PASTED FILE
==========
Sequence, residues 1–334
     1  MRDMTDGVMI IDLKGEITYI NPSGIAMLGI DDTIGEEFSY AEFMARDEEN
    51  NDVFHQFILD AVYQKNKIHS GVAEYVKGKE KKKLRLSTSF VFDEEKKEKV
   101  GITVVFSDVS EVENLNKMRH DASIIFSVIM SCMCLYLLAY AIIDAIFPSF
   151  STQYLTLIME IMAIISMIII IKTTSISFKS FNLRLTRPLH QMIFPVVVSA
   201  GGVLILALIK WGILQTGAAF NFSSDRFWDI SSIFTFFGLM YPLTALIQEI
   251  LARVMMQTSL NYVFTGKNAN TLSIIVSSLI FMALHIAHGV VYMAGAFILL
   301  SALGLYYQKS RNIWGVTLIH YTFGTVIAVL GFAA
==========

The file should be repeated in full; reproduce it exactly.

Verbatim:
Sequence, residues 1–334
     1  MRDMTDGVMI IDLKGEITYI NPSGIAMLGI DDTIGEEFSY AEFMARDEEN
    51  NDVFHQFILD AVYQKNKIHS GVAEYVKGKE KKKLRLSTSF VFDEEKKEKV
   101  GITVVFSDVS EVENLNKMRH DASIIFSVIM SCMCLYLLAY AIIDAIFPSF
   151  STQYLTLIME IMAIISMIII IKTTSISFKS FNLRLTRPLH QMIFPVVVSA
   201  GGVLILALIK WGILQTGAAF NFSSDRFWDI SSIFTFFGLM YPLTALIQEI
   251  LARVMMQTSL NYVFTGKNAN TLSIIVSSLI FMALHIAHGV VYMAGAFILL
   301  SALGLYYQKS RNIWGVTLIH YTFGTVIAVL GFAA